Then I covered with filtered water and stirred it up!

I didn’t have a weight or anything to keep the veggies down (not necessary but I prefer to) so I used the rack that normally holds my cans. Worked decently! 

I covered heated on high for about 15-20 minutes and then cooked on low for around 2 hours. It was such a big batch I wanted to get everything well! You can also do this in a crock pot. Once finished I took the lid off and let it cool for about an hour. 

I forgot to get pictures of this but I strained the chunks out with a colander then used a ladle to pour the broth through cheesecloth that I fixed onto a big jar. 

I used that jar to fill smaller jars and ice cube trays full of broth goodness to freeze! 

When I ran out of jars and trays I cooked down what was left (not all pictured here) to make a concentrated bit to use for cooking with the next week. I put it in everything and even just drank some hot. It’s good! I used to love drinking broth or stock as a kid. 

The cubes are great for dishes that need a little moisture and so instead of adding water you can toss in a bit of broth! I put them in a ziplock after freezing. I would keep trays specifically for food as they retain the smell and a bit of flavor after use. 

Turmeric Powder Tincture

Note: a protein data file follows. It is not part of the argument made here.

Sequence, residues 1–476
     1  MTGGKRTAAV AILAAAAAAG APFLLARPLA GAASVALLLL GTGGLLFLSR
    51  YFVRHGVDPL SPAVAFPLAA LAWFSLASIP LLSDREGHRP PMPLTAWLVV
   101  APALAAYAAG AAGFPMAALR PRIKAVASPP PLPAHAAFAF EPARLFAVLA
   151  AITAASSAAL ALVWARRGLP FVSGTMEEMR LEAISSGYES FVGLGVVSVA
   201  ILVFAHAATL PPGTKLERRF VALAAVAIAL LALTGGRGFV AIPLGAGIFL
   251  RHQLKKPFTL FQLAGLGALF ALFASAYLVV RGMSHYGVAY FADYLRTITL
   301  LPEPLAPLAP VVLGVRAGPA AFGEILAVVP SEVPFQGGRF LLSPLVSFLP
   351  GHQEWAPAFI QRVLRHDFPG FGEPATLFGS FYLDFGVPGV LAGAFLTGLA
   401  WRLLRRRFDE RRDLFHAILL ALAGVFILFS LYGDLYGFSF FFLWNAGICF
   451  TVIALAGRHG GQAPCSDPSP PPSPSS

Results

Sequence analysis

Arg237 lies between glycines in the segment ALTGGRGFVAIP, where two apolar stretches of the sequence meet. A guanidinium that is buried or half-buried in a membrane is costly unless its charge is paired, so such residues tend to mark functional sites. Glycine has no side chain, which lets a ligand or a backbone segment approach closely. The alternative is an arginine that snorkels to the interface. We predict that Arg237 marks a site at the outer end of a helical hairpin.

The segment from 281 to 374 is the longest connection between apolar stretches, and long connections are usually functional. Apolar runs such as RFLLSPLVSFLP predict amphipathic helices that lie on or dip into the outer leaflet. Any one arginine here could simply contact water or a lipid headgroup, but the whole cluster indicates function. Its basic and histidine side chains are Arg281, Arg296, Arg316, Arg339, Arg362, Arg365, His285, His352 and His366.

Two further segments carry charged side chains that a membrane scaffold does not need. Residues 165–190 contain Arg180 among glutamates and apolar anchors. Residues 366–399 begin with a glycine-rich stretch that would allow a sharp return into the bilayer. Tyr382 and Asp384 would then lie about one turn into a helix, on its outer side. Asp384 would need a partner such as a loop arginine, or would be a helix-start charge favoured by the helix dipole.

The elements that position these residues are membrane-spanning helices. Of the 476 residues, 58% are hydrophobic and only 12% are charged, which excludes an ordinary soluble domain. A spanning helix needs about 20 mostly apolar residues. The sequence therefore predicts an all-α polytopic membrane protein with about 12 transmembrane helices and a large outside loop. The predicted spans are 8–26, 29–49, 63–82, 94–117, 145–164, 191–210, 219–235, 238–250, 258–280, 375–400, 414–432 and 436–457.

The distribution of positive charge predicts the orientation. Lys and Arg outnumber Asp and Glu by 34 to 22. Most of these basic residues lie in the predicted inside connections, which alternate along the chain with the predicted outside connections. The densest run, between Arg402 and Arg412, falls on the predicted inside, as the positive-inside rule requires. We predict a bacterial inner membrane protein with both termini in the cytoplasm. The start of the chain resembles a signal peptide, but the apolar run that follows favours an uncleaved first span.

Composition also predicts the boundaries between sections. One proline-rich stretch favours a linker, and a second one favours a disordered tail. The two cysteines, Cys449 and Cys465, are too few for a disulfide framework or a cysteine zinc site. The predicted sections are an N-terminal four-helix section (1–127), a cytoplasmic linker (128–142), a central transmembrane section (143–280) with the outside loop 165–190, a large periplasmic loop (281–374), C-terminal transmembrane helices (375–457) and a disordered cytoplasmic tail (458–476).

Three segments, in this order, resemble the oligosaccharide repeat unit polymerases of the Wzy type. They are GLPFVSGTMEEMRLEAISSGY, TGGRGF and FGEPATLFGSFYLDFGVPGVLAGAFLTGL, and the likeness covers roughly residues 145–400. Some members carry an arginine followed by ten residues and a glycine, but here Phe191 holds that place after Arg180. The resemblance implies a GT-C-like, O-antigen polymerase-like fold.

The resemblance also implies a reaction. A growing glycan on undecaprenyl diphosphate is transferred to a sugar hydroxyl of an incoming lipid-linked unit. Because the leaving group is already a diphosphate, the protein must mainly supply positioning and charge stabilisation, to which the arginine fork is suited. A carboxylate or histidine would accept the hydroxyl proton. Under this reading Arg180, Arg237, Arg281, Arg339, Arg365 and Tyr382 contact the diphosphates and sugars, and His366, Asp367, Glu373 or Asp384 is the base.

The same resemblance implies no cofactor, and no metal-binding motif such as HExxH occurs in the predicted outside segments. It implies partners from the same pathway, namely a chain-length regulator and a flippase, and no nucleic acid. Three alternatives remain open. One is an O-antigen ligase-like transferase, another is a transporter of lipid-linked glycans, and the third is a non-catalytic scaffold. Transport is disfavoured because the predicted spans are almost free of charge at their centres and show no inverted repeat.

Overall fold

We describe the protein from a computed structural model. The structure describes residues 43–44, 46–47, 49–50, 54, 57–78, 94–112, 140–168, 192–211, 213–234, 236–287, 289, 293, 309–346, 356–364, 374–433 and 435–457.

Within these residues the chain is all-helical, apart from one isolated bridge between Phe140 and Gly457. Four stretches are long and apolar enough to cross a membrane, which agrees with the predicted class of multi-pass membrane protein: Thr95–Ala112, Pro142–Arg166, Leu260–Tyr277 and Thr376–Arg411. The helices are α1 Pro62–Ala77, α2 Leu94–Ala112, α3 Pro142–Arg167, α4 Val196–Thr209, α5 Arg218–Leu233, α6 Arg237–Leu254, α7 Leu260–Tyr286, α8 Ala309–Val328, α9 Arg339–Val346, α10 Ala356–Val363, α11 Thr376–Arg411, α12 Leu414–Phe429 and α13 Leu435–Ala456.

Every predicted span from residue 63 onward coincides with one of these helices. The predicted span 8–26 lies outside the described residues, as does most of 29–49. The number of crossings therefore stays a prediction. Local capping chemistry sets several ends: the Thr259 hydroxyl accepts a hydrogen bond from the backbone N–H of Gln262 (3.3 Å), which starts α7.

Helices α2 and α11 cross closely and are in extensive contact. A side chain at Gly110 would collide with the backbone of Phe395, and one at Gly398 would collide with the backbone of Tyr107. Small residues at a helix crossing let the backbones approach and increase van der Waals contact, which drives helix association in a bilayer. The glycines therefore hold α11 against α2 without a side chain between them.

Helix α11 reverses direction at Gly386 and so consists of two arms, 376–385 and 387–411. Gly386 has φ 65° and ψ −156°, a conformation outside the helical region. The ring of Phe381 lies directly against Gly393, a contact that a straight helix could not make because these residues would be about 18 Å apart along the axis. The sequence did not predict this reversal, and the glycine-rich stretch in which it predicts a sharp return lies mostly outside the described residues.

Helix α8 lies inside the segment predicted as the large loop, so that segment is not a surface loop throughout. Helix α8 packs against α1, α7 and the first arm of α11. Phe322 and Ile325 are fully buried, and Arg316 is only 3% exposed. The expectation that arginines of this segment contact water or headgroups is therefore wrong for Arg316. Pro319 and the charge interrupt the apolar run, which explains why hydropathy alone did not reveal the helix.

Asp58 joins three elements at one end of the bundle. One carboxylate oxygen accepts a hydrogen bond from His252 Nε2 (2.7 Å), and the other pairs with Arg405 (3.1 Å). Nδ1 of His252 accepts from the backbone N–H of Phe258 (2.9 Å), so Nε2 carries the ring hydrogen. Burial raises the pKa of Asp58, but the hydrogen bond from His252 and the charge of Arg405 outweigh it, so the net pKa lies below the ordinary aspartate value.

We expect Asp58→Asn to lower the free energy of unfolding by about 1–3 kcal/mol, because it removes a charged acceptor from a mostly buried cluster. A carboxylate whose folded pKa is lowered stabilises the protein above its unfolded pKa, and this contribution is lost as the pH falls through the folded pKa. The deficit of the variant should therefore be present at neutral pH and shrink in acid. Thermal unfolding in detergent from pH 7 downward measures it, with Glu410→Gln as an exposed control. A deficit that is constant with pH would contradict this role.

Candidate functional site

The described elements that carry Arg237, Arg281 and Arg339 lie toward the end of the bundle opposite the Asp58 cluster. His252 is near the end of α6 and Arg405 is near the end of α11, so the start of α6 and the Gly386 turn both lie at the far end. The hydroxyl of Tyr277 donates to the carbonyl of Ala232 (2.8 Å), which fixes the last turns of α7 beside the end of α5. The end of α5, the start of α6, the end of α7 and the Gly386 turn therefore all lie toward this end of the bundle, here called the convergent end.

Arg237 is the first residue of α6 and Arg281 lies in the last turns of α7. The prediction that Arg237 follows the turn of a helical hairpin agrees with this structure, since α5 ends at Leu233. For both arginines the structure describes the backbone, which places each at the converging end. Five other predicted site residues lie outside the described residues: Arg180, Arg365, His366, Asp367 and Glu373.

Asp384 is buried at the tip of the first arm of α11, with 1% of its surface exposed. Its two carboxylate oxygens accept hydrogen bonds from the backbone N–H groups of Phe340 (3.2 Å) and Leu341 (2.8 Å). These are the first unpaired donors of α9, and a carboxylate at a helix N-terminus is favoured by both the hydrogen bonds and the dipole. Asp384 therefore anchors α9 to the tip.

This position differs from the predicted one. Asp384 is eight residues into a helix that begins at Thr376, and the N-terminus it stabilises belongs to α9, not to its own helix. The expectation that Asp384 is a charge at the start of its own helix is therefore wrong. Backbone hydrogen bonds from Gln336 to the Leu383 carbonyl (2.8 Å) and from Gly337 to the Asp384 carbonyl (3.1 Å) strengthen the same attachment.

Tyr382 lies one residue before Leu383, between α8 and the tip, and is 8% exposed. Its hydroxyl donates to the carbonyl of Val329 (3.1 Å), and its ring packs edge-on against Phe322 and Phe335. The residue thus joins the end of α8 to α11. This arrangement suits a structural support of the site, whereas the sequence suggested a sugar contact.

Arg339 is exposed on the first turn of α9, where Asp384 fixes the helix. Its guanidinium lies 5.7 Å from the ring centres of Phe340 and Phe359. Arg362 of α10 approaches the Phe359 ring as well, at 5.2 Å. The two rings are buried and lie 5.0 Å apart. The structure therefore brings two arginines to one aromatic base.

When I first met my now husband he introduced me to herbs to help with skin issues. He suffered a skin injury that required almost a year of medical attention but wanted to help his skin in any way he could. So he looked to herbs. The best way to get the herbs he chose to help in his opinion was to ingest them. Now we use many of the herbs he loved in our food and tisanes frequently. Turmeric is one we go through a lot of. It helps with inflammation and many skin issues are the product of other health problems such as this. Check out the link at the end of this post for more in depth information.

When a neighbor/friend asked if I wanted her bag of turmeric she didn’t like (it has a peppery taste that isn’t appetizing to some) I started brewing up ideas for usage. More than putting it in almost everything we eat. Which poses an issue with my toddler who ends up staining her clothes with any food saturated with it. I decided the first thing I wanted to make with it was a tincture. 

Most recipes I found suggested using the root. Fresh or dried in slices to help the alcohol base saturate it more easily. Well, I didn’t have a root. I had powder. So I did a 1:5 concoction to test it out. 1 part turmeric powder to 5 parts alcohol. It worked great! It was also really fun to work with and see the lovely color changes. The powder is a gorgeous yellow color and once it settled it created a red hued liquid. Later I saw it was more orange when not stacked the way it was but still lovely. 

One small pint jar creates a ton of tincture in my opinion. So unless you have a large family using it, are taking the tincture several times a day or are creating to share this should work great to start with. I filled two 2 oz dropper bottles to last me a while and barely made a dent in the tincture. I left the rest to continue brewing until I needed to strain some off again for use.